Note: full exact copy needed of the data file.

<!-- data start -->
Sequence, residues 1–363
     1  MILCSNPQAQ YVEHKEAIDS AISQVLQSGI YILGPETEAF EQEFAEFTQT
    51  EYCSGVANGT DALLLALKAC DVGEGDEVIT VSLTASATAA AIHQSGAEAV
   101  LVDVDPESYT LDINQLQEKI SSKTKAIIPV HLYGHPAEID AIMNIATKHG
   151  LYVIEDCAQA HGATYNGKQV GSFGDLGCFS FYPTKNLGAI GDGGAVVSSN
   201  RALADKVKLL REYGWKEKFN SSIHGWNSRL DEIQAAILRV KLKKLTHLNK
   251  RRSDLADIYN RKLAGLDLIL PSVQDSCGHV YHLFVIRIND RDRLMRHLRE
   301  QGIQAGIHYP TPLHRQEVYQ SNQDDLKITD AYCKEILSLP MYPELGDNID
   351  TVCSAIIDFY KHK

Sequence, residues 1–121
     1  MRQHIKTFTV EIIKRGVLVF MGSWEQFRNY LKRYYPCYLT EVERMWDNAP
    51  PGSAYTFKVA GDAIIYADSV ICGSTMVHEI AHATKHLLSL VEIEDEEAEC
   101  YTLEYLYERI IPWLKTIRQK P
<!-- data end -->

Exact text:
Sequence, residues 1–363
     1  MILCSNPQAQ YVEHKEAIDS AISQVLQSGI YILGPETEAF EQEFAEFTQT
    51  EYCSGVANGT DALLLALKAC DVGEGDEVIT VSLTASATAA AIHQSGAEAV
   101  LVDVDPESYT LDINQLQEKI SSKTKAIIPV HLYGHPAEID AIMNIATKHG
   151  LYVIEDCAQA HGATYNGKQV GSFGDLGCFS FYPTKNLGAI GDGGAVVSSN
   201  RALADKVKLL REYGWKEKFN SSIHGWNSRL DEIQAAILRV KLKKLTHLNK
   251  RRSDLADIYN RKLAGLDLIL PSVQDSCGHV YHLFVIRIND RDRLMRHLRE
   301  QGIQAGIHYP TPLHRQEVYQ SNQDDLKITD AYCKEILSLP MYPELGDNID
   351  TVCSAIIDFY KHK

Sequence, residues 1–121
     1  MRQHIKTFTV EIIKRGVLVF MGSWEQFRNY LKRYYPCYLT EVERMWDNAP
    51  PGSAYTFKVA GDAIIYADSV ICGSTMVHEI AHATKHLLSL VEIEDEEAEC
   101  YTLEYLYERI IPWLKTIRQK P